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Comment author: Eliezer_Yudkowsky 09 September 2013 05:25:56PM 5 points [-]

XiXiDu wasn't attempting or requesting anonymity - his LW profile openly lists his true name - and Alexander Kruel is someone with known problems (and a blog openly run under his true name) whom RobbBB might not know offhand was the same person as "XiXiDu" although this is public knowledge, nor might RobbBB realize that XiXiDu had the same irredeemable status as Loosemore.

I would not randomly out an LW poster for purposes of intimidation - I don't think I've ever looked at a username's associated private email address. Ever. Actually I'm not even sure offhand if our registration process requires/verifies that or not, since I was created as a pre-existing user at the dawn of time.

I do consider RobbBB's work highly valuable and I don't want him to feel disheartened by mistakenly thinking that a couple of eternal and irredeemable semitrolls are representative samples. Due to Civilizational Inadequacy, I don't think it's possible to ever convince the field of AI or philosophy of anything even as basic as the Orthogonality Thesis, but even I am not cynical enough to think that Loosemore or Kruel are representative samples.

Comment author: Juno_Watt 22 January 2014 12:01:57PM *  -1 points [-]

Alexander Kruel is someone with known problems

Hmmm...

Comment author: Yvain 14 March 2009 12:34:00AM *  40 points [-]

A lot of dojos preserve to some degree the social standards of Eastern countries where the sensei's sensei came from. And in Eastern countries, it's much less acceptable to try to question your teacher, or change things, or rock the boat, or show any form of weakness. I taught school in Japan for a while, and the first thing I learned was that naively asking "Any questions?" or "Any opinions on this?" or even "Anyone not understand?" was a waste of time.

Western cultures are a lot better at this, but not ideal. There's still pressure not to be the one person who asks all the questions all the time, and there's pressure not to say anything controversial out of the blue because you lose more status if you're wrong than you gain if you're right. I think part of the problem is that there really are dumb or egotistical people who, if given the chance will protest that they know a much better way to do everything and will waste the time of everyone else, and our society's decided to .make a devil's bargain to keep them under control.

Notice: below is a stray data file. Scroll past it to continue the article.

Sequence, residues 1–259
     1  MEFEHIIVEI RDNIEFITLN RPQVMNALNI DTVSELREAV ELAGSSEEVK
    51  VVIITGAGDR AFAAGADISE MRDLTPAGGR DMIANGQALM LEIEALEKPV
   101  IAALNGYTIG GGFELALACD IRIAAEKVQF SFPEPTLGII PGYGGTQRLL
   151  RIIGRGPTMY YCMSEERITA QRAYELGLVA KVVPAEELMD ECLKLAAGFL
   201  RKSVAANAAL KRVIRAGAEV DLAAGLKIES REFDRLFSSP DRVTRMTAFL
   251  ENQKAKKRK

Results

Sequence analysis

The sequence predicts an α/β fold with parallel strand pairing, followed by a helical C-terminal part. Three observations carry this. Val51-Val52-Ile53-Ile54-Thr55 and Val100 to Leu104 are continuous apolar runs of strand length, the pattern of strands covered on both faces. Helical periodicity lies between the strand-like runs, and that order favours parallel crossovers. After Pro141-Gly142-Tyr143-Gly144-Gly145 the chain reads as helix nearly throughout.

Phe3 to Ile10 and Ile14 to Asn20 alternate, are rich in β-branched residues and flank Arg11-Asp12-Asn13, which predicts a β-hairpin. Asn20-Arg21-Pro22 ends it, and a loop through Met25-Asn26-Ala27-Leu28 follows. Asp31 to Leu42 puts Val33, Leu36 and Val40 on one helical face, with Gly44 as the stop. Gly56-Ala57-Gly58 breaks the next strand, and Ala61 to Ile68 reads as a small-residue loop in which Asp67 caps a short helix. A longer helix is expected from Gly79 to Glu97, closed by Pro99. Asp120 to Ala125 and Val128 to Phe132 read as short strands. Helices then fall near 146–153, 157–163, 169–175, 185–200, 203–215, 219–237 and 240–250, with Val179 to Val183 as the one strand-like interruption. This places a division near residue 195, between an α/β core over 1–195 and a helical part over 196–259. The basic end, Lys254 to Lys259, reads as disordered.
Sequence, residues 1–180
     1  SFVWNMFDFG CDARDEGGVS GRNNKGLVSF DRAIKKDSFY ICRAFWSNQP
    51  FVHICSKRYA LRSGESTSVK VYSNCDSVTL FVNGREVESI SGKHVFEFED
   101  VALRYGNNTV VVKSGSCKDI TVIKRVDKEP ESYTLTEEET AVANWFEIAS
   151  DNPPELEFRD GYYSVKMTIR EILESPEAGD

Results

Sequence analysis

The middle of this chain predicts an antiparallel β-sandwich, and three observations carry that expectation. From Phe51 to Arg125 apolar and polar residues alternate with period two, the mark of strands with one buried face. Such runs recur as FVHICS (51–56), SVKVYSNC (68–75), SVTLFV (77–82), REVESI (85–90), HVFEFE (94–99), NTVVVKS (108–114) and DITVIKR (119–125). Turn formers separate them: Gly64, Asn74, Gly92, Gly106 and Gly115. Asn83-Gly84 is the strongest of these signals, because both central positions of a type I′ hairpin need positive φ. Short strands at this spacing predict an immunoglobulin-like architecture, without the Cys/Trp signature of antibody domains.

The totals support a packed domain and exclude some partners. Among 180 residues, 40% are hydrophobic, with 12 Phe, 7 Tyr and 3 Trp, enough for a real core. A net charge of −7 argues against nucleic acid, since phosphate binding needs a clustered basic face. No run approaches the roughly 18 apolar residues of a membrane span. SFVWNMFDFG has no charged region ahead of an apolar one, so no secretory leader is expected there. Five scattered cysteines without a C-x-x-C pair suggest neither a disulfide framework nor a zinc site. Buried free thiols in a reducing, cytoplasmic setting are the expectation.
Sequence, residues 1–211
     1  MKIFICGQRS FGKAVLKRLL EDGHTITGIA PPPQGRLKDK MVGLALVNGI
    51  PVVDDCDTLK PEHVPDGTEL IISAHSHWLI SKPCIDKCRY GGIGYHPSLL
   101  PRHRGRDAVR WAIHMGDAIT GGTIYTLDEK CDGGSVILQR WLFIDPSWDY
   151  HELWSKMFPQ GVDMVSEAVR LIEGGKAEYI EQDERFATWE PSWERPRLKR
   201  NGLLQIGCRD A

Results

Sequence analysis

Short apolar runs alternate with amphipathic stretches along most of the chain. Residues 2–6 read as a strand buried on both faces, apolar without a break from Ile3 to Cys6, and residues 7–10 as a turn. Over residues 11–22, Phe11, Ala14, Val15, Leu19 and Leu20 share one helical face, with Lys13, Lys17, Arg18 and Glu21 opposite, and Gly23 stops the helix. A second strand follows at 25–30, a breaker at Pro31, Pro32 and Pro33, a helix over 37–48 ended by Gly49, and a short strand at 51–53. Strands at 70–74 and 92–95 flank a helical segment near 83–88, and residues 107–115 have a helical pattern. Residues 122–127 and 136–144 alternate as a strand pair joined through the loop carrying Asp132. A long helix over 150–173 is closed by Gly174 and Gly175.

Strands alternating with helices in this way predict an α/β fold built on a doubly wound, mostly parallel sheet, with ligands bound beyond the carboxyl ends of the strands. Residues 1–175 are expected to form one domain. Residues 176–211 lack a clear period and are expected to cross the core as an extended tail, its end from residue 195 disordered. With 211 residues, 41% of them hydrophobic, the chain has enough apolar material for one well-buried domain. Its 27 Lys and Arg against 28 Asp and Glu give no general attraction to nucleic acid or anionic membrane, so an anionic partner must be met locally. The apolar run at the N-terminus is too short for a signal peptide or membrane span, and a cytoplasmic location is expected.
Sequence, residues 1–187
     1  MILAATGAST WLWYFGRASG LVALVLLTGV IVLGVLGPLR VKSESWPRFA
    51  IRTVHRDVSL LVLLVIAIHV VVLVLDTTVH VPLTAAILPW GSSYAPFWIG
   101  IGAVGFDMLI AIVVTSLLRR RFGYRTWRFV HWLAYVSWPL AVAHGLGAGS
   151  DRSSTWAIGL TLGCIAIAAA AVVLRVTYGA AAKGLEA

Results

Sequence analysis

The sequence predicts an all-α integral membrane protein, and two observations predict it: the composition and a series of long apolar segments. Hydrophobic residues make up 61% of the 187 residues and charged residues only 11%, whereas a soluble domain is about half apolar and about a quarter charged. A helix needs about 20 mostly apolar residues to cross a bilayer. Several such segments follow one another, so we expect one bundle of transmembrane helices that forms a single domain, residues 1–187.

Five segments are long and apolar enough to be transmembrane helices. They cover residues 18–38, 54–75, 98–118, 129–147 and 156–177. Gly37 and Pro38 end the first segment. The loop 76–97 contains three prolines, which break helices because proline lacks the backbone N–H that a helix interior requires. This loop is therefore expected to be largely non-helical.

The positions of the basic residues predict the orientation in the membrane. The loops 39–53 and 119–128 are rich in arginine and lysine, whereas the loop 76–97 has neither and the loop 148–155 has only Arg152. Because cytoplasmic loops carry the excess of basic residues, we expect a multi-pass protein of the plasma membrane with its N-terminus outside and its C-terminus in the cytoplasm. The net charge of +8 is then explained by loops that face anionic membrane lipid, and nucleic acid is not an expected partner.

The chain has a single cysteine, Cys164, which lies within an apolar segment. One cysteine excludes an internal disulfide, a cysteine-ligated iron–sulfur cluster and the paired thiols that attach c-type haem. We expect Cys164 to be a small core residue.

The best solution to this is to found a new culture, live isolated from the rest of the world for a century developing different cultural norms, and then start the rationality dojo there. Of possible second-best solutions:

  • My Favorite Liar. Tell people that you're going to make X deliberately incorrect statements every training session and they've got to catch them.

  • Clickers. One of my lecturers uses these devices sort of like remote controls. You can input information into them and it gets sent wirelessly and anonymously to the lecturer's laptop. The theory is that if he says "Raise your hand if you don't understand this" or even "...if you disagree with this", no one will, but if he says "Enter whether or not you understand this into your clicker" he may get three or four "don't understand" responses. Anonymous suggestion boxes are a low-tech form of the same principle.

  • I always found the concept of Crocker's Rules very interesting. I also remember hearing of a community (wish I could remember which) in which it was absolutely forbidden to give negative feedback under certain circumstances, and the odd social dynamics that created. In a dojo-like setting, there might be situations when either of these two rules could be ritually enacted - for example, a special Crocker Hat, such that anyone wearing that hat was known to be under Crocker's Rules, and a special No Negative Feedback Hat (but with a flashier name, like White Crane Hat of Social Invincibility), which someone could wear when questioning the master or something and be absolutely immune to any criticism.

Comment author: Juno_Watt 28 September 2013 01:09:16PM 0 points [-]

My Favorite Liar. Tell people that you're going to make X deliberately incorrect statements every training session and they've got to catch them.

I can think of only one example of someone who actually did this, and that was someone generally classed a a mystic.

Comment author: RobbBB 12 September 2013 05:36:28PM *  1 point [-]

That problem has got to be solved somehow at some stage, because something that couldn't pass a Turing Test is no AGI.

Not so! An AGI need not think like a human, need not know much of anything about humans, and need not, for that matter, be as intelligent as a human.